Too little attention has been paid to how Egypt’s socialist past and welfare – state present shaped the current rebellion. But neither the daring of the young people who defied a brutal dictatorship nor their passion and rage can be understood without knowing this history.
Many Arab and African states, including Egypt, are backward because socialism and statism created dysfunctional governments that were eventually overthrown by military dictatorships. Welfare especially worsened the desperate predicament of Muslim societies, where political, social, and personal repression is upheld by piety while women and the sexually repressed young, who cannot marry until well past 30, suffer terrible mistreatment and disabilities.
Welfare’s reduction in child-mortality rates helped create a demographic bubble, with millions of unemployed and probably unemployable youth roaming the streets, ready to explode in riots. This bubble has been draining what little resources these nations possessed; their investments in raising their youth have not seen appropriate returns, especially when they die young. The growing numbers and rage of the chronically unemployed have made it difficult for these countries to advance materially – even when their economies improved and fertility was dramatically reduced, as occurred in the last decade in Egypt.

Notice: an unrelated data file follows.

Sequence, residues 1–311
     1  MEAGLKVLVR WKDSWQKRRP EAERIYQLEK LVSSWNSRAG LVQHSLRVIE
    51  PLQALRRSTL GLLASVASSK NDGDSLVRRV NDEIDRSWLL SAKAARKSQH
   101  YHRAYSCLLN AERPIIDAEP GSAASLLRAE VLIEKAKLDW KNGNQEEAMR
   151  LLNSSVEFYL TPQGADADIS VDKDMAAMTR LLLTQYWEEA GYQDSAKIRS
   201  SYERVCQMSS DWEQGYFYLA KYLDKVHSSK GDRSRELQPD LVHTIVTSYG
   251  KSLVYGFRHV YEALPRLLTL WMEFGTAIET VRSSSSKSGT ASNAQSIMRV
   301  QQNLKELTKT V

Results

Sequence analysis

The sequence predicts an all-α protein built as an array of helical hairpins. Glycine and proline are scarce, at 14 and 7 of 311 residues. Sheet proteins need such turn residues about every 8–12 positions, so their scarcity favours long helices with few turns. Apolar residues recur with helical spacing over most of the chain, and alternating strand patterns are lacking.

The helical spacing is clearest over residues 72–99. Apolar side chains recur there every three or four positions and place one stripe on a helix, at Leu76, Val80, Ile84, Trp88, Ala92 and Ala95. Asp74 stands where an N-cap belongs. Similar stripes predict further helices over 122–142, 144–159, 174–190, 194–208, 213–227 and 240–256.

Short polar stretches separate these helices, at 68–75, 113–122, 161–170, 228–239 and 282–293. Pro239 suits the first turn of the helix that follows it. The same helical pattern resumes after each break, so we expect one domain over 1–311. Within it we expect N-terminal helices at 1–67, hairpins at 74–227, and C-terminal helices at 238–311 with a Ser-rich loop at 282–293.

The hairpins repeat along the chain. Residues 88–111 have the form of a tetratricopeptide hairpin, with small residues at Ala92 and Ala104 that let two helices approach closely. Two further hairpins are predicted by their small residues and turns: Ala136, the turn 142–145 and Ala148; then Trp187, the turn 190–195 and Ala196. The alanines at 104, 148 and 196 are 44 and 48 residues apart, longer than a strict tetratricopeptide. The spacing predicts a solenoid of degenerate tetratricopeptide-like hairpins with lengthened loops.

About 40 percent of Egyptians are dirt-poor fellahin, farmers (in the West, only 3.5 percent of people work in agriculture). Tradition encouraged the siring of many children, to secure free labor and old-age support; consequently, about 50 percent of the population is under 25 (compared with 32 percent in Germany, 37 percent in France). Unemployment in Muslim countries is officially close to 10 percent but is probably much higher among the young.
Egypt’s population has doubled since the beginning of Mubarak’s reign. Welfare provided the means for the very poor to keep body and soul
together and to have many children. But Egypt’s highly bureaucratized and corrupt crony system inhibited economic growth and denied the young employment and advancement beyond subsistence. Rising prices made marriage unaffordable until well into a man’s thirties. Sexual frustration and hopeless unemployment combined to create the rage that the Tunisian conflagration ignited.
What happened in Egypt between the end of the Second World War and the present rebellion illuminates what has happened economically throughout the Arab world (and much of Africa, too). In order to keep their religiously, culturally, and politically repressed citizens pacified, Arab dictators copied the West’s post-World War II welfare policies. Upon taking power, they nationalized industries and created socialist welfare states with autocratic governments.
When young Egyptian officers deposed King Farouk in 1952, they structured their “republic” on third-world models of military dictatorship. The Egyptian economy was totally subjected to politics, breeding inefficiency, waste, and corruption.
Dependence on Arab oil and on vast amounts of foreign aid (which was funneled through corrupt elites that squandered or stole much of it), together with Cold War politics, maintained these repressive dictatorships, however horrendous they were (e. g., Idi Amin). When the civilians ruling them messed up too badly, or lost in war against Israel, they were overthrown by the army, which then made bigger messes.